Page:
Cost of goods sold refers to the accumulated sum of all the costs that are used to produce a particular product or service that has been sold. There are three main categories for these costs, namely, materials, labor, and overhead. For businesses which render different types of services, the cost of goods sold is composed of the direct labor, benefits of the employees with billable hours, and the payroll taxes.
In an income statement, the cost of goods sold is deducted from the net sales of the business, in order to arrive at the gross margin. Under the periodic inventory system, the cost of goods sold is computed by adding the purchases to the beginning inventory, and then subtracting the ending inventory. It is assumed that the result derived from this computation, which indicates the costs that are no longer in the inventory, has a relationship with the goods that have already been sold. The derivation of costs through this process, also involves the items in the inventory that were considered scraps, obsolete goods, and stocks that were stolen. With this, this cost derivation tends to add too much expenses to the goods that were actually sold for the current period.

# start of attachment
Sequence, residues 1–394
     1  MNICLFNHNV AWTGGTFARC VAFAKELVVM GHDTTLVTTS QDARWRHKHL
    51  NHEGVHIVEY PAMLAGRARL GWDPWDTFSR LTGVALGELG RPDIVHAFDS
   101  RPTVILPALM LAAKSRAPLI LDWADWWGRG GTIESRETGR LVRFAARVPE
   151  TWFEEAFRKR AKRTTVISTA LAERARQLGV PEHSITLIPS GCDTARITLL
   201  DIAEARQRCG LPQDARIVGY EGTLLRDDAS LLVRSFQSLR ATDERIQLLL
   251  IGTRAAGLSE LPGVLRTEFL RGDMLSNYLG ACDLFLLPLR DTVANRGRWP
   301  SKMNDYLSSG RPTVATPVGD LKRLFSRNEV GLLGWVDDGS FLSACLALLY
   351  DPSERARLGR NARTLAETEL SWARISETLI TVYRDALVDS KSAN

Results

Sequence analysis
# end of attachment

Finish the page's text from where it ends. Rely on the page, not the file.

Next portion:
On the other hand, in a perpetual inventory system, the cost of goods sold is accumulated continuously as products and services are sold. In this process, separate recording of transactions, which include sales, obsolescence, scrap, among others, is performed. Compared to the computation of cost of goods sold under the periodic inventory system, making use of this approach yields more accurate results if cycle counting is conducted.
Some companies misdeclare their profit levels intentionally by altering the cost of goods sold. This can be done by inaccurately counting the inventory, declaring more overhead than the actual, changing the bill of materials and records of labor, as well as using wrong cutoff periods.